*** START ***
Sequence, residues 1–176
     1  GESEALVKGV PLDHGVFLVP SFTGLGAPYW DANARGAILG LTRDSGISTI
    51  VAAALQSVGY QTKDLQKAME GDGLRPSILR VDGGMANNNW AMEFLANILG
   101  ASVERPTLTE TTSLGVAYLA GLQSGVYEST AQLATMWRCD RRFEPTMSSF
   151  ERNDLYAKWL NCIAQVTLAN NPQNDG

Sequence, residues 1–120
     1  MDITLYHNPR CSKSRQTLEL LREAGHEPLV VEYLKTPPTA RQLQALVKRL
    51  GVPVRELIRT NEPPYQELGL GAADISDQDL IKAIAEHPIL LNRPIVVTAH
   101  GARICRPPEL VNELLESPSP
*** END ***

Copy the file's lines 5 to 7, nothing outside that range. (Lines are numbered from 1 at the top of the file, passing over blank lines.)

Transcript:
   151  ERNDLYAKWL NCIAQVTLAN NPQNDG

Sequence, residues 1–120
     1  MDITLYHNPR CSKSRQTLEL LREAGHEPLV VEYLKTPPTA RQLQALVKRL